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(Reuters) - Lee Westwood spoke about his "ballistic" ball after bogeying the final two holes to fall into a share of the lead with Phil Mickelson and four others after the first round at the WGC-Mexico Championship at Club de Golf Chapultepec in Mexico City on Thursday.
The 43-year-old Englishman led by two strokes before stumbling at the end, while Mickelson rolled in a 16-footer for birdie at the last to join him with a four-under 67.
Former world number one Westwood was generally pleased with his performance, though he was punished a couple of times when his ball carried further than expected in the thin air more than 2200 metres (7200 feet) above sea level.
"I played great," Westwood told Golf Channel. "It's a tricky golf course. It's hard work playing at altitude. Occasionally one just goes ballistic and you end up in a nightmare of a spot."
Mickelson also spoke about how far he was hitting the ball after his birdie finish left him atop a leaderboard that also included PGA Championship winner Jimmy Walker, fellow American Ryan Moore, Englishman Ross Fisher and young Spaniard Jon Rahm.
The six-way tie for the lead marked a record for a World Golf Championships stroke play event dating back to the inception of the series in 1999.
"This is an incredible challenge for all of us," Mickelson said about the heavily tree-lined course, adding that he could hit a nine-iron more than 180 yards.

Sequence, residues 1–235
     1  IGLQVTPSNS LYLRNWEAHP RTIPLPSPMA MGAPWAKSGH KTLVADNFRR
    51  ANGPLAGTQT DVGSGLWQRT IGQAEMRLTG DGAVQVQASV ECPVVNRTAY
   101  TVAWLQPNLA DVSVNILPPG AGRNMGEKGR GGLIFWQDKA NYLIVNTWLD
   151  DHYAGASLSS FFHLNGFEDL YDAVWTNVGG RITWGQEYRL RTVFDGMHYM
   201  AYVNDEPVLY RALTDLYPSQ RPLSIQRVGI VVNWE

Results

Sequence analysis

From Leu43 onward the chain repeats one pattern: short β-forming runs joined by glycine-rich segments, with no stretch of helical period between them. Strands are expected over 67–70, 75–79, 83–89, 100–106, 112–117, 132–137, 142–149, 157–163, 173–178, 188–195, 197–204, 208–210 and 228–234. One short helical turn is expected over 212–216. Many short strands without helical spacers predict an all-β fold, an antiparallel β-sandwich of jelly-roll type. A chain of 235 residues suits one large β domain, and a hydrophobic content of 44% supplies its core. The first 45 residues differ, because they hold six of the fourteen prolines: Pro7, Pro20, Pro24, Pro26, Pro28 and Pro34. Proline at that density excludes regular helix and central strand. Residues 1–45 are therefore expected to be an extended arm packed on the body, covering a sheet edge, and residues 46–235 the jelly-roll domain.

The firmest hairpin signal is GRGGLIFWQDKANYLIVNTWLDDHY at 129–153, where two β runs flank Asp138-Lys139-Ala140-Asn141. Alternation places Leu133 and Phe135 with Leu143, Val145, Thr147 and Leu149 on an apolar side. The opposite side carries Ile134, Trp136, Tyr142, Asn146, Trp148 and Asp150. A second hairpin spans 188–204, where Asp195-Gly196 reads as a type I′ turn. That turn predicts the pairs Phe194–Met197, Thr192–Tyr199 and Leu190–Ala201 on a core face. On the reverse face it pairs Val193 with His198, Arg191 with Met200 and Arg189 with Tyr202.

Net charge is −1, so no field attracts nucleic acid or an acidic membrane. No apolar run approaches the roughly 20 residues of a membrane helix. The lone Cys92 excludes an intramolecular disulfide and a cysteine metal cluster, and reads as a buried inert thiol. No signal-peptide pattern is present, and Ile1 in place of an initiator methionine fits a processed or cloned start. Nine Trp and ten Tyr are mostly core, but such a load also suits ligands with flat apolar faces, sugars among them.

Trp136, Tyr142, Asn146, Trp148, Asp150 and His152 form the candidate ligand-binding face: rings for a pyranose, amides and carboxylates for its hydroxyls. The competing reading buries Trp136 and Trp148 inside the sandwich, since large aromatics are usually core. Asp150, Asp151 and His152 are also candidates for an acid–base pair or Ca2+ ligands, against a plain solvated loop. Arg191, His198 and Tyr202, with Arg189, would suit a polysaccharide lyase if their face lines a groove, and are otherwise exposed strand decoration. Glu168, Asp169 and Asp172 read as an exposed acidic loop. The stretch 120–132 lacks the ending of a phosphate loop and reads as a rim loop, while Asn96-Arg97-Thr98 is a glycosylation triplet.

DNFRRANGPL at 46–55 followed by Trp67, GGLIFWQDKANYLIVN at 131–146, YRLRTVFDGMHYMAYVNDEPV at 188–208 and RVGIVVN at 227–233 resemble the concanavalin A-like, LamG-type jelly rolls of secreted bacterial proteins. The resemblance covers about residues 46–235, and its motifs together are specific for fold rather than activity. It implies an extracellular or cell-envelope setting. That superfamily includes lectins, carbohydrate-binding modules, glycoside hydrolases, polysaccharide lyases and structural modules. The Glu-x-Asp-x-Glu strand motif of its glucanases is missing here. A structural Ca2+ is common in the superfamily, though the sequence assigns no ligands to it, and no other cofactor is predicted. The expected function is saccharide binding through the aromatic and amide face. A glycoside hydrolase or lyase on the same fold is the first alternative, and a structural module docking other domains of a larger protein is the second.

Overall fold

"At sea level I might hit a nine-iron 150 yards. If I need to hit it a little harder I might be able to get 155 out of it. Let's say I hit it 170 here, if I want to get a little more out of it, I can get 10-to-15 more yards, I can hit it 180, 185."
Rory McIlroy, in his first competitive round after a six-week layoff due to a rib injury, was among seven players one shot from the lead.
"My first full competitive round today and I didn't feel it at all," world number three McIlroy said about his ribs. The Northern Irishman was more concerned about an upset stomach that he said left him feeling a bit weak during the round.
Sweden's British Open champion Henrik Stenson fell foul of the same condition and withdrew after 11 holes, leaving 76 players in the elite field that boasted 49 of the top 50 in the world, with only number two Jason Day (ill) absent.
American Dustin Johnson, making his first start as world number one, shot 70 despite missing seven putts within seven feet.
"Obviously, I didn't score very well at all, but I played really well," the long-hitting Johnson said. "I missed so many putts, short ones. Six of those seven were inside five feet."
Reporting by Larry Fine in New York; Editing by Andrew Both